‘Practically anyone in the house could have done it. There was always a good store of insulin—at least a fortnight’s supply. One of the phials could have been tampered with[39], and replaced in the knowledge that it would be used in due course.’

‘And anybody, more or less, had access to them?’

‘They weren’t locked away. They were kept on a special shelf in the medicine cupboard in the bathroom of his part of the house. Everybody in the house came and went freely.’

‘Any strong motive?’

My father sighed.

‘My dear Charles, Aristide Leonides was enormously rich. He has made over a good deal of his mo ney to his family, it is true, but it may be that somebody wanted more.’

‘But the one that wanted it most would be the present widow. Has her young man any money?’

‘No. Poor as a church mouse.’

Something clicked in my brain. I remembered Sophia’s quotation. I suddenly remembered the whole verse of the nursery rhyme:

There was a crooked man and he went a crooked mile.
He found a crooked sixpence beside a crooked stile.
He had a crooked cat which caught a crooked mouse,
And they all lived together in a little crooked house.

I said to Taverner:

‘How does she strike you—Mrs Leonides? What do you think of her?’

He replied slowly:

‘It’s hard to say—very hard to say. She’s not easy. Very quiet—so you don’t know what she’s thinking. But she likes living soft—that I’ll swear I’m right about. Puts me in mind, you know, of a cat, a big pur ring lazy cat… Not that I’ve anything against cats. Cats are all right…’

He sighed.

‘What we want,’ he said, ‘is evidence.’

Yes, I thought, we all wanted evidence that Mrs Leonides had poisoned her husband. Sophia wanted it, and I wanted it, and Chief Inspector Taverner wanted it.

Then everything in the garden would be lovely!

But Sophia wasn’t sure, and I wasn’t sure, and I didn’t think Chief Inspector Taverner was sure either.

1in an official capacity – в занимаемой должности
2dry sense of humour – сдержанное чувство юмора
3without batting an eyelash – не моргнув и глазом
4to size up – оценить
5soak-the-rich (разг.) – «выкачай из богачей» (система, при которой бремя основных тягот налогообложения несут состоятельные классы общества)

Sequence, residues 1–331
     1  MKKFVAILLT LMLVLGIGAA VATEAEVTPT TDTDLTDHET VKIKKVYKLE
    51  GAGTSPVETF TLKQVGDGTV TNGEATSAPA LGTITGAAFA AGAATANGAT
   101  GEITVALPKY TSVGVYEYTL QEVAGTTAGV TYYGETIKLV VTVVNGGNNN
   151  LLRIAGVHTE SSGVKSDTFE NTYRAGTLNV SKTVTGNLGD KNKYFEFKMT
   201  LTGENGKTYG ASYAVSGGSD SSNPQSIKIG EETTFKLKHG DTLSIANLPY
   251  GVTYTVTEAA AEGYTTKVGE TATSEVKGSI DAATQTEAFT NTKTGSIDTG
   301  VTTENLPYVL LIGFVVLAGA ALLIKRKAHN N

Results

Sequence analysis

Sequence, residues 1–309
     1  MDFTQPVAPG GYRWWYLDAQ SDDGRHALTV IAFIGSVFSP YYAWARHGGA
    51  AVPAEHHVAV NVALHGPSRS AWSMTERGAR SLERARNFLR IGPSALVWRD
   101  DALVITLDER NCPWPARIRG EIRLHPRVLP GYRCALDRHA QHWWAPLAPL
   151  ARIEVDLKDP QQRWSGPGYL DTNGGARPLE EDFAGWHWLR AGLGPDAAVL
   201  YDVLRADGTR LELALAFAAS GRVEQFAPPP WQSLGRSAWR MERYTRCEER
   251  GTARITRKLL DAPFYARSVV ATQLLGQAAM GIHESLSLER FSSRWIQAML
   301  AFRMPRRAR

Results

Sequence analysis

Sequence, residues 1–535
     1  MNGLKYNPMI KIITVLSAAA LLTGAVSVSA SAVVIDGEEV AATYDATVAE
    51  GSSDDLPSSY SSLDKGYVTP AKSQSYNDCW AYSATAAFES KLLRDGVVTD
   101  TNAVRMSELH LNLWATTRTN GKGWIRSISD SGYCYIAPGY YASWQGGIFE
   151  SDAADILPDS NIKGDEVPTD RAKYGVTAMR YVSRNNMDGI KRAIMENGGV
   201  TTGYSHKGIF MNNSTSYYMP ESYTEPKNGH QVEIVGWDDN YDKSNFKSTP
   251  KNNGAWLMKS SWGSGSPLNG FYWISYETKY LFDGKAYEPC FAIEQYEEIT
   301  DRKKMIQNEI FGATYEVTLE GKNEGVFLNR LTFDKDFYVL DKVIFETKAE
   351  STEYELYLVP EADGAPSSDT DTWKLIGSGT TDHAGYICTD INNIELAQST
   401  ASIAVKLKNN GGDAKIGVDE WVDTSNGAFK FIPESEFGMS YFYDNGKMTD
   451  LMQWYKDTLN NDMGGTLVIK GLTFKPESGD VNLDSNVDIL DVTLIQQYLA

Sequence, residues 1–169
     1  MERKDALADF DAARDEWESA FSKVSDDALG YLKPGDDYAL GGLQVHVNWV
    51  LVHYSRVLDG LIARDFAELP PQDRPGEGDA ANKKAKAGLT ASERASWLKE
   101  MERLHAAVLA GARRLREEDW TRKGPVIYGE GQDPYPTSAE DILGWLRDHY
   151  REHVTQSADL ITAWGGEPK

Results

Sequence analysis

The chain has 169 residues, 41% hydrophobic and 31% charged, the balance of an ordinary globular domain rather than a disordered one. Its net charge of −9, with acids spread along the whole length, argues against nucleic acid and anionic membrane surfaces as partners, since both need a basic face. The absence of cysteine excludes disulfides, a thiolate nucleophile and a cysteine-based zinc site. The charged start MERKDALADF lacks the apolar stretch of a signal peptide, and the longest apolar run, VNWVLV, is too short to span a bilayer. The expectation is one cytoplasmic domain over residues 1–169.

6deal with (зд.) – делится (идеями)
7to be concerned – быть не безразличным к к.-л.
8the Times – «Таймс», ежедневная газета в Великобритании, выходит в печать с 1785 года.
9swing doors – вращающиеся двери
10to tide over – помочь преодолеть
11swing into focus (зд.) – встать на свои места
12to draw breath – выдохнуть
13to be willing to – быть добровольно готовым (сделать ч.-л.)
14in one's shirt – в одной рубахе
15post mortem (лат.) – вскрытие
16Assistant Commissioner = AC– помощник комиссара
17how does one put it? – как это называют?
18to play a lone hand (зд.) – действовать в одиночку
19GP – семейный врач
20to be fond of – быть привязанным к к.-л.
21Say when – скажи, когда хватит
22to lean back – откинуться
23from the stable – из первых рук
24let's have it (разг.) – говори же
25to stay put – никуда не отлучаться
26of resource – находчивый
27pin-stripe suit – костюм в узкую полоску
28ramifications (зд.) – родственные связи
29Greater London – Большой Лондон. Аминистративно-территориальная единица; состоит из Лондона и частей графств Мидлсекс, Эссекс, Кент, Суррей, Хартфордшир; делится на 32 района и Сити
30to clean up – сорвать куш
31funnily enough – как ни странно
32MFH – Master of Foxhounds; хозяин гончих (титул главы охотничьего общества и владельца своры гончих)
33thick as thieves – закадычные друзья
34to suffer from – страдать от
35hypodermic needle – игла для подкожных инъекций
36to get on well with – ладить с
37bona fide (зд.) – правильный (флакон)
38why on earth – почему же
39to tamper with – подменить